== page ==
"Our president [of the Alpha Sigma chapter of Alpha Phi Alpha Fraternity], Brother John G. Shackelford, has recently returned from Harrisburg, Pa., where he has been playing professional baseball in the Eastern League. Brother Shackelford made a remarkable showing out East."30
"Brother J. G. Shackelford of Alpha Sigma achieved no mean reputation this summer as a star bench warmer on Rube Foster's baseball team. In fact, he was known as the best third baseman Rube had on the bench. In order not to make the games too one-sided they kept "Shack" on the bench and gave the other teams a fighting chance. "Shack" say he may be back next summer but that he needs a new pair of pants."31
"John G. Shackleford, [sic] who was elected president of the United States League in Detroit two weeks ago, is a prominent lawyer In Cleveland, Ohio. He has an excellent baseball background, having once played with Rube Foster's famous American Giants. He was a member of one of Foster's greatest teams, the 1926 combine that won the Negro World Series from the Bacharach Giants of the defunct Eastern League. He is a graduate of Wiley College and the University of Michigan."32
"Mr. Shackelford is a lawyer of Cleveland, OH. He is a native of Tennessee, graduate of Wiley Wiley College, as well as University of Michigan law school. He was a baseball player for several years and was a member of several of the better semi-professional Negro clubs. He is a man of good character and has the ability and the industry to do a good job as the president of the [United States League]."33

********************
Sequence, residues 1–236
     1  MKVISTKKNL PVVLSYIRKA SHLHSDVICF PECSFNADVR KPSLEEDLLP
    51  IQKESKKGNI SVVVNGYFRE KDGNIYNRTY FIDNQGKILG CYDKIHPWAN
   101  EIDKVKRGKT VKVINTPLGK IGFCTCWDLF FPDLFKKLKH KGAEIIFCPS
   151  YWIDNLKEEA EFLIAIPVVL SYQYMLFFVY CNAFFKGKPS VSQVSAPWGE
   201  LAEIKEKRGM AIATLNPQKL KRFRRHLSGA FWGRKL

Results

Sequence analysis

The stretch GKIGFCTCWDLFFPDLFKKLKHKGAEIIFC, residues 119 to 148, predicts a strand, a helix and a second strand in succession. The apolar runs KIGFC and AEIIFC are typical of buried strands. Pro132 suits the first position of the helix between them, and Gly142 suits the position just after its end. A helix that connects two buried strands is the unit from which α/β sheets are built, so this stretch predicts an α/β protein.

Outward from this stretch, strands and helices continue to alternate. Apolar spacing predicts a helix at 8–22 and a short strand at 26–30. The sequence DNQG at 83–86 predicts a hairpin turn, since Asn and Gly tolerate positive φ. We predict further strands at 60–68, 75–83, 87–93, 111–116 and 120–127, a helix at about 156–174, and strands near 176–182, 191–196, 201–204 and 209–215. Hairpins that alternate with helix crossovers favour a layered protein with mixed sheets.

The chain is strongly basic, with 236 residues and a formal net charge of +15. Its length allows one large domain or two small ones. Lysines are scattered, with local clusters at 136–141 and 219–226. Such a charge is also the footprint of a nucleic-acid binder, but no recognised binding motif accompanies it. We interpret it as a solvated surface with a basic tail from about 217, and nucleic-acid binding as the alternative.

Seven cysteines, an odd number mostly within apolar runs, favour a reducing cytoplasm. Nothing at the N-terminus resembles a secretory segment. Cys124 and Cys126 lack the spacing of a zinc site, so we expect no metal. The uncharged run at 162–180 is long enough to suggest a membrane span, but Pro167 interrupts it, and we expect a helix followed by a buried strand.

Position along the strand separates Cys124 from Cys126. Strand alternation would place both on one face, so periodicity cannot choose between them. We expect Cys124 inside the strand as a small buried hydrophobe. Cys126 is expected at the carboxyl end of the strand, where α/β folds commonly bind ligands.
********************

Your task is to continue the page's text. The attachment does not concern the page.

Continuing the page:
"Manager John Shackelford, who is an attorney-at-law in Grand Rapids, also knows something about sportsmanship besides baseball. Although he is the [Fineis Oil Colored] Giants' regular third-sacker, he essayed to pitch with a sore arm and did a good job until the seventh, when he was hit freely and retired for wilson a portsider. Shackelford was somewhat ambidextrous at the plate and sut so prodigiously at the ball he frequently swung himself off his feet. In the third frame he changed from the right to the left hand side of the plate and hit a triple into right field. Batting as a right-hander he hit a fluke homer in the ninth."34
Statistics at Baseball-Reference.com.
Statistics at Seamheads.com.
5 Here, Shackelford appears to be mistaken for John Jackson Shackleford, who was born on April 9th, 1894 and died in April 1979.
6 Shackelford's 1962 Brazilian Immigration Card lists his father as John D. Shackelford and his mother as Lula Oliver. According to Arkansas marriage indexes, John D. Shackelford married Lula May Oliver on March 4th, 1903 in Prescott, AR.
8 Lula May Shackelford died on April 2nd, 1909. "Zena" or "Jena" Shackelford, who is listed as John G. Shackelford's mother in census records, is presumably his stepmother, Jewell Fanny Glover, whom his father married in 1910.
10 Dallas Morning News, 5/15/1925
14 ''Cleveland Gazette, 6/7/1924
26 ''Cleveland Gazette, 6/7/1924
27 Dallas Morning News, 5/15/1925